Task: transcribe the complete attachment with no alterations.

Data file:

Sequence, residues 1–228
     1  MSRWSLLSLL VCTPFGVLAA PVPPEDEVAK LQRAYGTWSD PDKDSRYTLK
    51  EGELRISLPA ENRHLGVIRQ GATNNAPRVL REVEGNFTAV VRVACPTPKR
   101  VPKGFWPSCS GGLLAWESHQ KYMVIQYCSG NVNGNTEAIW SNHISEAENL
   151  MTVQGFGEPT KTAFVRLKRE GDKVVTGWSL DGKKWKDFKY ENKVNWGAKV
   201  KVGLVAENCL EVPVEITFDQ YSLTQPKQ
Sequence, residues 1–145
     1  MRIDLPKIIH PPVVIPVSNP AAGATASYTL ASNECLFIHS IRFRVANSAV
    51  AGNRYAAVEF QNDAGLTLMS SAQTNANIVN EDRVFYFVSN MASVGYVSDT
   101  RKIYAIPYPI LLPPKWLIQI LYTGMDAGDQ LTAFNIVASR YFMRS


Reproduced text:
Sequence, residues 1–228
     1  MSRWSLLSLL VCTPFGVLAA PVPPEDEVAK LQRAYGTWSD PDKDSRYTLK
    51  EGELRISLPA ENRHLGVIRQ GATNNAPRVL REVEGNFTAV VRVACPTPKR
   101  VPKGFWPSCS GGLLAWESHQ KYMVIQYCSG NVNGNTEAIW SNHISEAENL
   151  MTVQGFGEPT KTAFVRLKRE GDKVVTGWSL DGKKWKDFKY ENKVNWGAKV
   201  KVGLVAENCL EVPVEITFDQ YSLTQPKQ
Sequence, residues 1–145
     1  MRIDLPKIIH PPVVIPVSNP AAGATASYTL ASNECLFIHS IRFRVANSAV
    51  AGNRYAAVEF QNDAGLTLMS SAQTNANIVN EDRVFYFVSN MASVGYVSDT
   101  RKIYAIPYPI LLPPKWLIQI LYTGMDAGDQ LTAFNIVASR YFMRS